The Anglican Church of Canada has acknowledged that itplayed a role in creating the conditions that led to the suicides of two younggirls in Wapekeka First Nation, a remote Oji-Cree community in Ontario, earlierthis month.
In a January 20 statement, Archdeacon Michael Thompson, general secretary, said the church “helpedcreate a legacy of brokenness in some First Nations communities” through theactions of one of its former priests, Ralph Rowe, who abused many Indigenousboys in communities across Northwestern Ontario throughout the 1970s and 1980s.
The statement came in response to comments made by GrandChief Alvin Fiddler of the Nishnawbe Aski Nation during a press conference onJanuary 19 following the deaths by suicide of 12-year-olds Jolynn Winter andChantel Fox in early January.
Fiddler said the suicides, like a number of previous incidents, were linked to intergenerational trauma caused by Rowe’s predation,which has had a profound impact on the community.
Thompson said that Rowe’s abuse was “massive in its scopeand horrendous in its impact,” and that the church has a “moral obligation…tosupport initiatives that address its continuing consequences.”
Thompson acknowledged that the trauma Rowe was responsiblefor still echoes in communities and that its impact is “intergenerational.”
He expressed the church’s “willingness, in spite of failingsand false starts in the past, to renew our commitment to dialogue anddiscernment that will help us understand more deeply and act more effectivelyon our responsibilities.”
Rowe was convicted of 39 sexual offenses in 1994, and servedfour and a half years of a six-year sentence. Further convictions for sexualassault followed in 2005 and 2009, and in 2012 he was given a two-yearconditional sentence to be served under house arrest. Survivors Rowe, a documentary film released in 2015, estimates that Rowe had abused 500 boys.
Trained as a pilot in the Royal Canadian Air Force, Roweserved as a missionary pilot before he was ordained in 1975. He also served asa scout master with the Boy Scouts of Canada.
Fiddler said the community had “reached out the Anglicanchurch numerous times,” but that the church had “never acknowledged their role”in Rowe’s abuse or provided funding for community-based healing initiatives,nor had it apologized to the survivors.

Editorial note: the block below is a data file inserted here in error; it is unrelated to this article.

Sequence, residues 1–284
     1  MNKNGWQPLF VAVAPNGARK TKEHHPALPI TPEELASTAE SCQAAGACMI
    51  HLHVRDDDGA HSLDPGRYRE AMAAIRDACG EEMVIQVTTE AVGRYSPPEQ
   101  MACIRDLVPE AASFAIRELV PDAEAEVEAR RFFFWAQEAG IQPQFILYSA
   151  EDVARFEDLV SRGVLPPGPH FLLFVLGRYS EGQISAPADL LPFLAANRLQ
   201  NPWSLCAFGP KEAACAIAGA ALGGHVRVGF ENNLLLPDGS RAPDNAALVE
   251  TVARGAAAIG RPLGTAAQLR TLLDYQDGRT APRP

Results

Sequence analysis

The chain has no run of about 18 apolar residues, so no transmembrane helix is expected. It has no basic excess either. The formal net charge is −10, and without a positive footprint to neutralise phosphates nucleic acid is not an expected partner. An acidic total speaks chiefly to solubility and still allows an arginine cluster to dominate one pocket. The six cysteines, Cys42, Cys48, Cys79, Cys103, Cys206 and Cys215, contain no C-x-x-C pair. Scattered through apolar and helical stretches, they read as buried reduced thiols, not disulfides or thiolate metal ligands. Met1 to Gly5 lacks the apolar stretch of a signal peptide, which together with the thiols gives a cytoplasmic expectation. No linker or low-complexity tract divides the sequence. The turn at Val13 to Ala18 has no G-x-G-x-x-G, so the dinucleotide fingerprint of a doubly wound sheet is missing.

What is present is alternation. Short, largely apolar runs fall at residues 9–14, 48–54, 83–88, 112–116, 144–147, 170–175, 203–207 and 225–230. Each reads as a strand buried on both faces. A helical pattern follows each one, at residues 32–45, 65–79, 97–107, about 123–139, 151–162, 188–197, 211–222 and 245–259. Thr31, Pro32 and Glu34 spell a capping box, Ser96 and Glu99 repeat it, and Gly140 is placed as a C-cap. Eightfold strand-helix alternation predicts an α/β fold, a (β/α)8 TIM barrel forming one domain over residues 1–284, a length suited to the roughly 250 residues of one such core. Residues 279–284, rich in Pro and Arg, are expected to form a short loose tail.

In a tweet following the press conference, Fiddler said heexpects “not just an apology but a commitment of resources to address harm [theAnglican Church of Canada] caused.”
— Alvin Fiddler (@gcfiddler) January 21, 2017
Thompson told the AnglicanJournal that he was unaware of any requests from Wapekeka First Nation, butnoted that this does not mean requests were not made.
Fiddler was unavailable for comment at press time.
Thompson’s statement notes that the Anglican Church ofCanada has provided financial support for community-led healing projects throughthe Anglican Healing Fund in other communities affected by Rowe’s abuses, includingWunnumin Lake, Sachigo Lake, Kingfisher Lake and Sioux Lookout.
Thompson said the church also supports two suicideprevention co-ordinators for Indigenous communities in the north who work withthe Canadian Association for Suicide Prevention, the Centre for SuicidePrevention, and other government and tribal council partners.
His statement ends by noting that the church “looks to[Fiddler] and to others to help us direct our actions in ways that will helpend the crisis in the communities he serves.”
Undated photo of former Anglican priest Ralph Rowe, who was convicted in 1994 of abusing Indigenous boys in communities across Northwestern Ontario in the 1970s and 1980s. File photo: General Synod Archives
Healing Fund co-ordinator Esther Wesley said the church didsupport one project in Wapekeka First Nation, but that the applicationoriginated with Tikinagan Child & Family Services in SiouxLookout.
The project, a five-day healing and cultural camp held inAugust 2015, was based out of CampMishakamaayashinoonini-wug, on the Wapekeka First Nation territory, whichpromotes healing by reconnecting Indigenous people with traditional knowledge,skills and languages.
Both Thompson and Archbishop Fred Hiltz, primate of theAnglican Church of Canada, noted that Bishop Lydia Mamakwa, of the SpiritualMinistry of Mishamikoweesh (within whose jurisdiction Wapekeka First Nation lies) and her predecessor, former bishop of Keewatin David Ashdown, have issuedpersonal apologies to some survivors of Rowe’s abuse over the years.
But Thompson said now might be the right time for “a formal,national apology” for the church’s involvement in Rowe’s abuse.
Hiltz, however, said he would need to consult with Mamakwa aboutthe appropriate timing and delivery of an apology.
“At some point, I do need to stand beside Bishop Lydia andsay I am very sorry for what has happened here, and that our church…is deeplycommitted to trying to enable some healing for these individuals and theirfamilies,” he said. He said that Mamakwa may want to talk with elders,survivors, and members of the community affected by suicide about the best wayto move forward.
Mamakwa herself was not available to comment at press time.
When asked whether an apology would be accompanied bymaterial support, Hiltz said he it wouldlikely go hand in hand with a “commitment on the part of the church to providesome support for healing projects in the community.”
Thompson said the national church is working to ensure thatthe Anglican Healing Fund will have money to continue its work beyond 2017,and that the Healing Fund “is one vehicle that might be highly effective in addressinghealing” for the Wapekeka First Nation community.